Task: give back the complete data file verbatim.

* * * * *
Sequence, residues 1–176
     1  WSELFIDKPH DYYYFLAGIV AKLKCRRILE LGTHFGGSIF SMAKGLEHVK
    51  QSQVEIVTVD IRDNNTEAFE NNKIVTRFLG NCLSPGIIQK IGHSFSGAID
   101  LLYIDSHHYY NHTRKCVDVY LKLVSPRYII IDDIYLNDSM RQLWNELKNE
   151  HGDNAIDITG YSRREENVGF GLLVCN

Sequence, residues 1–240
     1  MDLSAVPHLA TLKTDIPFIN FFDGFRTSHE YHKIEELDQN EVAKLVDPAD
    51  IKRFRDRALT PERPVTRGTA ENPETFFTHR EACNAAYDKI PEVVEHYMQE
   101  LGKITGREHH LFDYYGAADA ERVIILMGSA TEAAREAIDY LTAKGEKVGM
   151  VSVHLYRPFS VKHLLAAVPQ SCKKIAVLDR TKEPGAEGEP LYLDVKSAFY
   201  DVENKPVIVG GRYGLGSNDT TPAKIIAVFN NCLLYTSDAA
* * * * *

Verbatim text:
Sequence, residues 1–176
     1  WSELFIDKPH DYYYFLAGIV AKLKCRRILE LGTHFGGSIF SMAKGLEHVK
    51  QSQVEIVTVD IRDNNTEAFE NNKIVTRFLG NCLSPGIIQK IGHSFSGAID
   101  LLYIDSHHYY NHTRKCVDVY LKLVSPRYII IDDIYLNDSM RQLWNELKNE
   151  HGDNAIDITG YSRREENVGF GLLVCN

Sequence, residues 1–240
     1  MDLSAVPHLA TLKTDIPFIN FFDGFRTSHE YHKIEELDQN EVAKLVDPAD
    51  IKRFRDRALT PERPVTRGTA ENPETFFTHR EACNAAYDKI PEVVEHYMQE
   101  LGKITGREHH LFDYYGAADA ERVIILMGSA TEAAREAIDY LTAKGEKVGM
   151  VSVHLYRPFS VKHLLAAVPQ SCKKIAVLDR TKEPGAEGEP LYLDVKSAFY
   201  DVENKPVIVG GRYGLGSNDT TPAKIIAVFN NCLLYTSDAA